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OPERA REVIEW

Dawning of a new era

LAST weekend's premiere of Giacomo Puccini's final opera, Turandot, was a homecoming in more ways than one. To begin with, this year marks the 80th anniversary of the opera's premiere at the famed La Scala opera house in Milan and just over 40 years since it first graced the stage of the Slovak National Theatre (SND).

Turandot


Composed by:Giacomo Puccini, completed by Franco Alfano
Libretto: Giuseppi Adami and Renato Simoni, after the play by Carlo Gozzi
Conducted by:Ondrej Lenárd
Where:Slovak National Theatre (SND), Hviezdoslavovo námestie, Bratislava
Next performance:March 31 at 19:00
Performed:in Italian with Slovak subtitles
Rating:8 of 10


Rybárska's Turandot had the appropriate stage presence but uneven breath control.
photo: Courtesy of SND

LAST weekend's premiere of Giacomo Puccini's final opera, Turandot, was a homecoming in more ways than one. To begin with, this year marks the 80th anniversary of the opera's premiere at the famed La Scala opera house in Milan and just over 40 years since it first graced the stage of the Slovak National Theatre (SND).

Then, Ondrej Lenárd, one of the nation's most respected conductors and a former principal conductor of the SND, made a triumphant return for the event. And finally, producer/director extraordinaire Jozef Bednárik, who has headed some of the SND's most successful productions, used the occasion to announce his retirement.

Luckily, Turandot is an opera sturdy enough to carry such importance with grace. Because it's set in China, Puccini spent time absorbing Asian music and art, and was inspired by the thin, sliding motifs so typical of Far Eastern music. His vocabulary remained very much 20th-century Italian, though, with a passionate love story, robust choral scenes, and beefy orchestration.

The SND assembled a highly respected international cast for the production, including singers from the Czech Republic, Romania, Italy, Columbia, and Japan, as well as the SND's own top soloists.

The opera begins as Turandot, the princess of Peking, is set to execute another suitor who has failed to answer her three riddles. Prince Calaf wanders among the crowd that has gathered to watch and finds his long-lost father, Timur, and loyal servant, Liu. As the moon emerges, the crowd silences and urges Turandot to spare the suitor's life, but she refuses. Calaf is struck by the princess's beauty and makes his way toward the gong that announces a new suitor. Turandot's ministers, Ping, Pang, and Pong, try to discourage him, as do Timur and Liu, but the young prince is determined, and calls Turnadot's name as he strikes the gong.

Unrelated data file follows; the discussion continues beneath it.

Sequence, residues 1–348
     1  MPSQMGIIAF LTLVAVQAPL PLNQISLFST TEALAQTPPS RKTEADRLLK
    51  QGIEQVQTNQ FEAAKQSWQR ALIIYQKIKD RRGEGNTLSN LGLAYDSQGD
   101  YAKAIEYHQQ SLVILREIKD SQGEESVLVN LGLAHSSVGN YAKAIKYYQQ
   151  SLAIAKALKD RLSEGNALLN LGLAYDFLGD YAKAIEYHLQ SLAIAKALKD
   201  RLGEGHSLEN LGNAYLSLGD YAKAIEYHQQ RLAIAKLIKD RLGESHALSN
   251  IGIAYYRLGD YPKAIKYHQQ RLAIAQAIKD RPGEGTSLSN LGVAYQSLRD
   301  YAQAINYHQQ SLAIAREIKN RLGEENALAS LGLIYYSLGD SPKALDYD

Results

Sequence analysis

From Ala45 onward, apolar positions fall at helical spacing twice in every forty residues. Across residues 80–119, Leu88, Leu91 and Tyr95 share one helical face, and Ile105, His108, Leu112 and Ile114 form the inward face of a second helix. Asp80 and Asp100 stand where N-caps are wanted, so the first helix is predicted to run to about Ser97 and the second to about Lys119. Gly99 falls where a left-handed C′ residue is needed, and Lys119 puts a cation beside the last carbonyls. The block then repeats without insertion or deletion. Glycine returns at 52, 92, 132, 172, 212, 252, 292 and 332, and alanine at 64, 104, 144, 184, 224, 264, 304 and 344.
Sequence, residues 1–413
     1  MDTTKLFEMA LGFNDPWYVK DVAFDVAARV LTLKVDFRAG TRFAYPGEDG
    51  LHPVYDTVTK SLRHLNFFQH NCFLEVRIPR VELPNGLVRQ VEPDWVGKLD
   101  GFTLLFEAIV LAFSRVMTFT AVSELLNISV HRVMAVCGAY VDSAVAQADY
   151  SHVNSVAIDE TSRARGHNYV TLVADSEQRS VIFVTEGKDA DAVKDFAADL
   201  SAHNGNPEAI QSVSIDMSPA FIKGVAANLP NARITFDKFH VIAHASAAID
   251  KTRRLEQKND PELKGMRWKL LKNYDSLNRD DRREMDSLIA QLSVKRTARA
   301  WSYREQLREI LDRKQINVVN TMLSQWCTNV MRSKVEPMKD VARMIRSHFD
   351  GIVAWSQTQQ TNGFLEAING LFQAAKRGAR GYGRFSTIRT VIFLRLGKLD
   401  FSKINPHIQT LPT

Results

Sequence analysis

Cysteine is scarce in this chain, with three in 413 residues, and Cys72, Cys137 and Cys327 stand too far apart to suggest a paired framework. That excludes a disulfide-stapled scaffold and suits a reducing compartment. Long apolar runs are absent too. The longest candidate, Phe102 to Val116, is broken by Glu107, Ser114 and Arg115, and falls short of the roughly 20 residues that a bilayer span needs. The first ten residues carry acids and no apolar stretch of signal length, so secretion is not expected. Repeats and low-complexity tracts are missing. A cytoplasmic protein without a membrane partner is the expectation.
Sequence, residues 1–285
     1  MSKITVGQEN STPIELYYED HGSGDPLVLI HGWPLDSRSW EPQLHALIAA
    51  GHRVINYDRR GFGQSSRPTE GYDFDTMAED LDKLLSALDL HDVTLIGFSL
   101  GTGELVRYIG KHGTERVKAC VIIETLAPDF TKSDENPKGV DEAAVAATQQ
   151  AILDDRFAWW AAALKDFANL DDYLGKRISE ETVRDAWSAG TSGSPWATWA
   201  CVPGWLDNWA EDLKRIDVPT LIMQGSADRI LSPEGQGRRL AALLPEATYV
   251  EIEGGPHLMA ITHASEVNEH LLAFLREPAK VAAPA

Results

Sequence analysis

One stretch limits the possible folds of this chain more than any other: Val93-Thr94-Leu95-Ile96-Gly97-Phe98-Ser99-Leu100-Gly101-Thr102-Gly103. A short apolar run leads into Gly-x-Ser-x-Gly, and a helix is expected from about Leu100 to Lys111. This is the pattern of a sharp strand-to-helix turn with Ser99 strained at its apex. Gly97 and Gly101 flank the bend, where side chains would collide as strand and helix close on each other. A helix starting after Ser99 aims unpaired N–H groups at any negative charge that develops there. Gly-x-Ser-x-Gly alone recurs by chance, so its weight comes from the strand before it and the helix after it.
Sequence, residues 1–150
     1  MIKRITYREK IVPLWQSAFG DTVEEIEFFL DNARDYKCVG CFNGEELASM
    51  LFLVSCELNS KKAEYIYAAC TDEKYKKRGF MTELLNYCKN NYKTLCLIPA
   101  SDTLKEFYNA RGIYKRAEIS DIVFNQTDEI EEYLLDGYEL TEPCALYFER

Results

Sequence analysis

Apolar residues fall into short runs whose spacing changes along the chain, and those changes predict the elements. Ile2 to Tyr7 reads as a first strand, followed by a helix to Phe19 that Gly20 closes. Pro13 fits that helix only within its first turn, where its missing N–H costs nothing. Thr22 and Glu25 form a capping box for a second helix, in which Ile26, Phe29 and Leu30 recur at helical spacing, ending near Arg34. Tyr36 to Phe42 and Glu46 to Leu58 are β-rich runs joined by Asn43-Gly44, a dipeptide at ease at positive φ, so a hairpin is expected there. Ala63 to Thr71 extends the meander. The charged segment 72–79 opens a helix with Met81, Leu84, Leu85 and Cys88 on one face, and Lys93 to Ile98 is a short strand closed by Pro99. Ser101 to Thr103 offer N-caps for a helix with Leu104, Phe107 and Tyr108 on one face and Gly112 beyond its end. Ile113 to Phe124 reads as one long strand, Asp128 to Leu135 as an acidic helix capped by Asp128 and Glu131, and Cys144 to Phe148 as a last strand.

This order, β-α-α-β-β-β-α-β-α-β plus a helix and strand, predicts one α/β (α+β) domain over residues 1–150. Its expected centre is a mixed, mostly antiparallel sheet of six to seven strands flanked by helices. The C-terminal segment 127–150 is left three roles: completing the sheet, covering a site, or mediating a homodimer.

The production was somewhat pared down from Bednárik's usual style. Instead of enormous decorative scenery, the emphasis seemed to lie on subtle visual effects, such as colourful costumes, designed by Ľudmila Várossová, ballet dancers, and screens that displayed shadow dances.

Lenárd had obviously coached the chorus on producing a rounder and fuller sound, which it did while supporting the entire cast, but it tended toward its usual timidity when alone. Iveta Jiříková (Liu) was a column of sound that poured genuine silvery legato, especially during her first act aria. Ján Galla (Timur) sounded shaky and worn out in his very limited range.

In the second act, Ping, Pang, and Pong long for Turandot's heart to be filled with love. The ancient Emperor Altoum tries to dissuade Calaf, but in vain. Turandot finally enters and tells the story of her ancestor, who was brutally conquered by a foreign prince. Therefore, she shall never allow a man to possess her. Turandot then poses her three riddles and, to everyone's amazement, Calaf answers correctly. When the princess begs the Emperor to intercede, Calaf makes a deal: if Turandot can learn his name by dawn, he will sacrifice his own life.

Daniel Čapkovič (Ping), Ondrej Šaling (Pang), and Tomáš Juhás (Pong) blended well together, and sailed beautifully through their individual lines, but their main scene could've used a clearer dramatic arc. Gurgen Ovsepian (Emperor Altoum) sang flat and was musically disoriented.

The story concludes with a proclamation: no one in Peking shall sleep until the prince's name is learned. Timur and Liu are dragged in, but Liu insists only she knows, so Turandot orders her tortured. When asked why she still refuses to reveal it, Liu utters only one word: "love". With the torture about to be intensified, Liu grabs a dagger and kills herself. Turandot then finds herself alone with Calaf, who grabs her close and kisses her. Turandot is overcome, and Calaf tells her his name. As the crowd rejoins the scene to hail the Emperor, Turandot approaches and announces the stranger's name is - Love.

It's unfortunately true that a tenor's performance is judged heavily on his performance of Calaf's third-act aria Nessun dorma, which was made famous by Luciano Pavarotti during the popular Three Tenors concerts. Mario Malagnini (Calaf) had flowing diction and a smooth lyricism that lifted his soft legato through the ardent vocal line. He was impressive and exciting. Ľubica Rybárska (Turandot) had the appropriate stage presence, but her uneven breath control impaired her legato and left her only the ability to swell powerful high notes. Her greatest dramatic moment, when Calaf kissed her, also fell somewhat flat. Jiříková's acting and facial expressions during her death scene, though, were very effective.

A lot of attention was paid to tradition - Lenárd even paused a minute after Liu's death, the last part Puccini completed before his death - but one got a sense a new era of internationalism and profe-ssionalism is dawning at the SND.

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